I started working on this in January 2012. A couple of weeks after that, I saw the Tworse Key project by Martin Kaltenbrunner. (Other Telegraph + Arduino projects exist too). Since he had done the work of converting morse code to text on the Arduino and released the source with a CC license, I decided to not reinvent the wheel and based my code on that. In accordance with the license (cc-by-sa), I will release the source as soon as I clean it up a bit.

Technical stuff: Arduino + Quartz Composer. One Mac Mini controlled both of the locations.

Haloo? [Hello?]

The third installation is a simple phone that allows the visitor to call various numbers from the past and present, such as Neiti Aika (Miss Time/Speaking Clock service) or Juho Holmstén-Heiniö, an inventor from Tampere.

Mixmaster 1200

Friday, April 3rd, 2009

The second installment of my Mixed Up series has now seen the light. Let me introduce you to the Mixmaster 1200.

mixed up

The Mixmaster 1200 is a wireless scratching device for the turntablist who prefers to deliver his/her scratches like a 5 star chef. As you can see, the Mixmaster does not have any beaters attached to it. This is because it has small laser powered plasma emitter beaters that actually heat up the airwaves around the device itself producing the unique sounding aural explosions.

More information: http://originalhamsters.com/motion/mixedup.php

Beat Blender Preview

Wednesday, March 18th, 2009

Have you ever wondered what a banana mixed with a strawberry sounds like? Or how about kiwi-watermelon puree? Watch this video and you will find out.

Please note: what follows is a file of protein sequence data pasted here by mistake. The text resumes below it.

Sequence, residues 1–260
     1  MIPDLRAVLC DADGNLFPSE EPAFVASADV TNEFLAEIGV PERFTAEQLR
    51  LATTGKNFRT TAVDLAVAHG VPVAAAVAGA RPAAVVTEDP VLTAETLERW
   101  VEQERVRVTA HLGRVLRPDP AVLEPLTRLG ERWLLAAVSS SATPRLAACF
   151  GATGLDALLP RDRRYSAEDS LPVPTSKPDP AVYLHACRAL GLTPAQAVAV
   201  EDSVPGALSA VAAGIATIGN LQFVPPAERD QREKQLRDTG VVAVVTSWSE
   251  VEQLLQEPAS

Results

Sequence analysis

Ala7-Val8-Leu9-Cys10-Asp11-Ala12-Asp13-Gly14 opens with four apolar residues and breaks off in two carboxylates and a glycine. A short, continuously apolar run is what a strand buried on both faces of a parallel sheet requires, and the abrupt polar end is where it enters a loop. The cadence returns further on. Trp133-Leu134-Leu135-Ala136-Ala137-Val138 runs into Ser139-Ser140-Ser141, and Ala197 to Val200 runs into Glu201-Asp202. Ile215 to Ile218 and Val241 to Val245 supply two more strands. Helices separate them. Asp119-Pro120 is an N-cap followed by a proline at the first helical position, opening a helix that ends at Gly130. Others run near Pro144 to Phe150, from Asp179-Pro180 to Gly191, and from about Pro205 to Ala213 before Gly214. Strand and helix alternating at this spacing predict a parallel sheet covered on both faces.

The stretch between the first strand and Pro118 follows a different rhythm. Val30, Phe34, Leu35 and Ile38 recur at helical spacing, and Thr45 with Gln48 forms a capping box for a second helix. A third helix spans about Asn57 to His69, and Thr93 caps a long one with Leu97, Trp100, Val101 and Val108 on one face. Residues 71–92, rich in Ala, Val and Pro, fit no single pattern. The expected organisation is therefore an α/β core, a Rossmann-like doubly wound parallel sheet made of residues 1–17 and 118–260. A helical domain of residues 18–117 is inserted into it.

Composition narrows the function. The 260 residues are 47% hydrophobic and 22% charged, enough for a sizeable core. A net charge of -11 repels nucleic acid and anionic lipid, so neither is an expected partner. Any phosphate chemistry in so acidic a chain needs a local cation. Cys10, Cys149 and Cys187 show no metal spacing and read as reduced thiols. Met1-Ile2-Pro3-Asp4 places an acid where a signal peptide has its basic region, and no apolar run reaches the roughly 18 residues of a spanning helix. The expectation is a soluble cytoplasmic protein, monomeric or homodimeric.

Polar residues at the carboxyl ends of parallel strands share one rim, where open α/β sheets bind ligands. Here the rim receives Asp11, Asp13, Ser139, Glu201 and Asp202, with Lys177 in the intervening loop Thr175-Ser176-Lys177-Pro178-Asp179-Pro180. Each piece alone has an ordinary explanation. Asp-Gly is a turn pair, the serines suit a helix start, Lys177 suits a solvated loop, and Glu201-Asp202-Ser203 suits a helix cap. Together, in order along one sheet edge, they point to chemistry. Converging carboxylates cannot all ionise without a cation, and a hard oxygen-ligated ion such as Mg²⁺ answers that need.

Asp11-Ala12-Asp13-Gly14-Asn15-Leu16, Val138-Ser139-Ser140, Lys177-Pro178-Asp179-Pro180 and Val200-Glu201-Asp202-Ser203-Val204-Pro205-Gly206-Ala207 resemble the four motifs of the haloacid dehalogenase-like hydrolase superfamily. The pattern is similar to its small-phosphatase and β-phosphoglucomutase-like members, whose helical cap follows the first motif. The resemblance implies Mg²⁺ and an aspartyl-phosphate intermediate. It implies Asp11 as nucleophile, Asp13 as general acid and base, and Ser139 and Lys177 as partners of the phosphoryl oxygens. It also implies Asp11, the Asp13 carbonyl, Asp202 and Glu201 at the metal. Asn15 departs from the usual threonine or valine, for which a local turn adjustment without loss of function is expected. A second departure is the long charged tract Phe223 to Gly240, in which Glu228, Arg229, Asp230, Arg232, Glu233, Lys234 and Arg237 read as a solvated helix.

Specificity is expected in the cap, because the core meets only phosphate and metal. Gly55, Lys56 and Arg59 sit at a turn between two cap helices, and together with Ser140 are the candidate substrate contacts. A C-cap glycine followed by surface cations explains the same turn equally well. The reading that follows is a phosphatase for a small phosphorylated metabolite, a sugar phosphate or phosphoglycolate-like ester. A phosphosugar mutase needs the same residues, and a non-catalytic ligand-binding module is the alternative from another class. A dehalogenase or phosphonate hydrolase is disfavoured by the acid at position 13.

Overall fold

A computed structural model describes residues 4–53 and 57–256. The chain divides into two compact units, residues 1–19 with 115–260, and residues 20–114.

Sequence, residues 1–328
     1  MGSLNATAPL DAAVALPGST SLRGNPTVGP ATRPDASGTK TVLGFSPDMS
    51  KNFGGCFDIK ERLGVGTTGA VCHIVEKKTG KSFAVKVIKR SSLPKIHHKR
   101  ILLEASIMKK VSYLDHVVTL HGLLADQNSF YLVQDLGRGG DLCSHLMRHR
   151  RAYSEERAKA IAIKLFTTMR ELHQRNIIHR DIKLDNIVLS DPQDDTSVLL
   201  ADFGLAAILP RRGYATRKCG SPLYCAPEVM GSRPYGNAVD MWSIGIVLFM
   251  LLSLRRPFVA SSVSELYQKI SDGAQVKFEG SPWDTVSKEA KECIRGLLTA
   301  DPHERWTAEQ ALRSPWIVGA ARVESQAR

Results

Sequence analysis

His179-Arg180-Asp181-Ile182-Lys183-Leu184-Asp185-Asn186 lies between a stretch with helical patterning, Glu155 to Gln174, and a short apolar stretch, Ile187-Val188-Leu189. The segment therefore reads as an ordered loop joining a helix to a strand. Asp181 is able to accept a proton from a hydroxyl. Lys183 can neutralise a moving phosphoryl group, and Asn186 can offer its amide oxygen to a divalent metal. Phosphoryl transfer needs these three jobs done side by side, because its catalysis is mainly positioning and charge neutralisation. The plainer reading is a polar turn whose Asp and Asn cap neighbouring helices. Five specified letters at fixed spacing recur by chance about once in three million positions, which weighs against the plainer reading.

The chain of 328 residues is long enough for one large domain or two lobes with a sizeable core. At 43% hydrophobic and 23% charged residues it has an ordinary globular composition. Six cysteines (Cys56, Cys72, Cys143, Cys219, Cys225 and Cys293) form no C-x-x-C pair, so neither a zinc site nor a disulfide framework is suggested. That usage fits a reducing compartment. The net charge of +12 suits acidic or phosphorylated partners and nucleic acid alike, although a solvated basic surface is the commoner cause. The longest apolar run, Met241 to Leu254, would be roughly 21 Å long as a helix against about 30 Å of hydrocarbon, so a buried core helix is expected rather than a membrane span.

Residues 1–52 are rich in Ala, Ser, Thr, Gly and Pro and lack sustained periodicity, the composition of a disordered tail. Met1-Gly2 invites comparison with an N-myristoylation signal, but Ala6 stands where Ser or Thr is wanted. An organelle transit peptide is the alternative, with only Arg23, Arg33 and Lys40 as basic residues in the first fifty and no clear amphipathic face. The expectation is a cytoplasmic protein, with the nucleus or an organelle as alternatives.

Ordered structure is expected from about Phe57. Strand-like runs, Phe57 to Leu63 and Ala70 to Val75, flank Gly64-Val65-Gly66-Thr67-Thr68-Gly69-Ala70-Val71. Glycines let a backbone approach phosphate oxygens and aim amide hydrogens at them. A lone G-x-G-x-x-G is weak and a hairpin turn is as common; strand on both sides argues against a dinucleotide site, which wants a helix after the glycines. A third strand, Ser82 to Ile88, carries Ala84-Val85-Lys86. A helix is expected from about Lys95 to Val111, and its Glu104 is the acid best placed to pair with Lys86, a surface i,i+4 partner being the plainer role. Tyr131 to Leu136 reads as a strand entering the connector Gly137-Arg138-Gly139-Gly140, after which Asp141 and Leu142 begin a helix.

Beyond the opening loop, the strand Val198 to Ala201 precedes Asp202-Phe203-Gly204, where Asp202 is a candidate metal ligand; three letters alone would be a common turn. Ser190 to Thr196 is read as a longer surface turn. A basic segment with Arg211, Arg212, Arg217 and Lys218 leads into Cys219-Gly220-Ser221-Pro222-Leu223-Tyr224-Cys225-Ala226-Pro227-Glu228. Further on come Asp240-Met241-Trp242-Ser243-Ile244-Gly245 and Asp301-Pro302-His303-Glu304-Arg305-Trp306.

I found this old blender from a flea market and noticed that the names of the different blending modes are very similar to the terminology used in DJing. So I decided to turn this kitchen appliance into a DJ mixer.

The audio tracks are triggered by inserting different fruits into the blender. The buttons on the front panel control the mixing modes and you also have two different types of transformer switches for cutting the sound in and out.

The options are:

  • Stir
  • Puree
  • Whip
  • Grate
  • Mix
  • Chop
  • Grind
  • Blend
  • Liquefy
  • Frappé

How does it work?

  • Arduino for brains
  • RFID reader
  • Different kinds of fruits made out of felt
  • RFID tags inside the fruits
  • Max/MSP for converting the serial data to MIDI
  • Ableton Live for playback
  • Mad skills to pay the bills

Stay tuned for more information, pictures and and better quality videos. This is just a preview, I´m hoping to improve it in the following weeks.

I also need to come up with a better name for this thing. Please leave your suggestions in the comments.

Beat Blender documentation page.

Vimeo link for the video.

Youtube link for the video.

Tooniversity

Saturday, December 13th, 2008